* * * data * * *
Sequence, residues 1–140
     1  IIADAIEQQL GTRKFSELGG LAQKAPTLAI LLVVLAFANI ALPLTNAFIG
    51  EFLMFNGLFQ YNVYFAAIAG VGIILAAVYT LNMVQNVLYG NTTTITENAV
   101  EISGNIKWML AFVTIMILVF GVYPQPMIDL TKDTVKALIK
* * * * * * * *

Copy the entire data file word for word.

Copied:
Sequence, residues 1–140
     1  IIADAIEQQL GTRKFSELGG LAQKAPTLAI LLVVLAFANI ALPLTNAFIG
    51  EFLMFNGLFQ YNVYFAAIAG VGIILAAVYT LNMVQNVLYG NTTTITENAV
   101  EISGNIKWML AFVTIMILVF GVYPQPMIDL TKDTVKALIK